As a progressive in 2020, you’d have to be willfully ignorant to think that there are no problems with Thanksgiving. But unlike, say, the former Columbus Day, this holiday isn’t just a day off. For a lot of Americans, myself included, this day has been one of the most important yearly events of family gathering for their entire lives. Is there a way to keep that going, or should we let Thanksgiving retire?
As non-practicing Ashkenazi Jews with a strong immigrant identity, my family’s only holiday for my entire young life was Thanksgiving. We never talked about it as part of the foundation myth of America. I don’t remember a time when I wasn’t skeptical about the “first Thanksgiving”. It was just our chance to get together as a family. And even though no one ever said so, I always got the sense that Thanksgiving was, for us, a celebration of getting to live in America.
To me, a traditional Thanksgiving meal had turkey, yes, but it didn’t have stuffing. It also had brisket, potato kugel, matzo ball soup, and tzimmes. Essentially, Thanksgiving in my family was actually Rosh Hashanah plus a turkey. And that makes a lot of sense. Passover is about leaving the land of slavery and heading out for the Promised Land. And for Jews like my grandmother and my dad, the children of Eastern European immigrants, the US was the Promised Land. Like proper immigrants, we didn’t celebrate the holiday the way we were supposed to. We didn’t go around the table and say what we were thankful for, and we didn’t watch football. We played Risk, ate the meal, and had coffee and seven layer cake. We celebrated my oldest brother’s birthday, which usually falls in the same week.
For me it was a chance to learn about my family. I took the opportunity of going to my grandmother’s house to go diving in her closet, my first archaeological site. I excavated my mom’s childhood in forgotten fancy dresses and Beatles albums. I once found an old manual compact camera. As I got older, I would spend a few days with my grandmother ahead of the meal, ostensibly to help her cook, but also to learn more about her. Since my aunt would fly in from whatever far away place she was living in, it was also my only real time to get to know her. And one year it gave me the time to meet my great uncle, who died soon after. It was also just the holiday that marked the beginning of winter. Sometimes we went on our first ski trip of the year the next day, back when it still got cold enough to ski in November.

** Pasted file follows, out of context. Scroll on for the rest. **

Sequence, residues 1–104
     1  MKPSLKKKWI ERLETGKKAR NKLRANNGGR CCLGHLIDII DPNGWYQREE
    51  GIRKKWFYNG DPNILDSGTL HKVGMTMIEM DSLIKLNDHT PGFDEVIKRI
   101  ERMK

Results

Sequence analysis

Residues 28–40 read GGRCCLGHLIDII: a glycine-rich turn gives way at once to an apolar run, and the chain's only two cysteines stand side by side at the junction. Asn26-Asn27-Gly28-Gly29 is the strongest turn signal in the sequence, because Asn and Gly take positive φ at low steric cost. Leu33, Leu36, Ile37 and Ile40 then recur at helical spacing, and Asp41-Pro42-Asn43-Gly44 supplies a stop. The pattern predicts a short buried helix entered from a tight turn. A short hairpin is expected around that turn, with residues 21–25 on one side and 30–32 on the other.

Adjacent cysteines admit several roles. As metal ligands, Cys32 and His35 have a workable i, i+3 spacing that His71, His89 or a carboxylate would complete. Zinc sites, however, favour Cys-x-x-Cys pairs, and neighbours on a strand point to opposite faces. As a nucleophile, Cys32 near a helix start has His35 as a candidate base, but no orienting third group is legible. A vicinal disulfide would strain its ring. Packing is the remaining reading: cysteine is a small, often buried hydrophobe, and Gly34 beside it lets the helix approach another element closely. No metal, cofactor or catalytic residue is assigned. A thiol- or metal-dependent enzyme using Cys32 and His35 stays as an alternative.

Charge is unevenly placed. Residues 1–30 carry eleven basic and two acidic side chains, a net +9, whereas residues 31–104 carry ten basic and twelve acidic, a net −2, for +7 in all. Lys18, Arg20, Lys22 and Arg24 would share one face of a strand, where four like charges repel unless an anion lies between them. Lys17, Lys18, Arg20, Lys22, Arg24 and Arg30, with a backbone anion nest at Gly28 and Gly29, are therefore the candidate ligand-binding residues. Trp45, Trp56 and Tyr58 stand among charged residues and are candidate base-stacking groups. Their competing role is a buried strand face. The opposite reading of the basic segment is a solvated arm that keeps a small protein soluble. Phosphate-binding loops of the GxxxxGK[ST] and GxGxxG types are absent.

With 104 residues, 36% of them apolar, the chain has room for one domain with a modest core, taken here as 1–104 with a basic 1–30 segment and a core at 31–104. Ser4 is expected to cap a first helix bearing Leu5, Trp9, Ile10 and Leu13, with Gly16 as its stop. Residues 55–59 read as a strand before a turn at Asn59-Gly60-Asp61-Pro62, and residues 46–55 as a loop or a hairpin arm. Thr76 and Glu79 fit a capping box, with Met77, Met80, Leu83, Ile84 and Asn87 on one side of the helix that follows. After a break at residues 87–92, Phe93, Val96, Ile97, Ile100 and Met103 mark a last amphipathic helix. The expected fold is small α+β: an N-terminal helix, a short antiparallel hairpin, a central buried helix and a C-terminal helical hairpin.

Like a lot of family traditions championed by one relative, Thanksgiving changed when my grandmother died. We had a hard time getting everyone together anymore. It got harder to sit at the table as a family with my mom’s cousins, who were extremely vocally conservative. My cousin broke off to have the holiday with his wife’s family, and my aunt followed them. And my dad similarly started celebrating with his wife’s family. With only my immediate family (still a big group), we added an extra event on Sunday, a classic New York brunch (bagels and lox, plus cake) for my mom’s extended family and my dad, but that event became harder to hold onto as Sunday became a more necessary travel day. Eventually, my mom started lobbying for Passover in addition to Thanksgiving, and at this juncture, it might just replace it.
Last year was the first Thanksgiving I ever missed. Stuck at the airport for hours with two increasingly fussy toddlers for a redeye flight, my husband and I were counting down how many hours we would actually get in New York before our flight home. When the flight was cancelled, we gave up and went home, and I spent the weekend moping. It wasn’t just the meal I was missing. It was my only chance to see New York and all the people in my life there for over a year. At this point, I haven’t been to New York since January of 2019. Maybe I’ll get to go back for my graduation in April, depending on how the pandemic progresses. This year, 3,000 miles from my birth family, I’ll still get a meal, but it will be with my husband’s clan, a true break in tradition for me.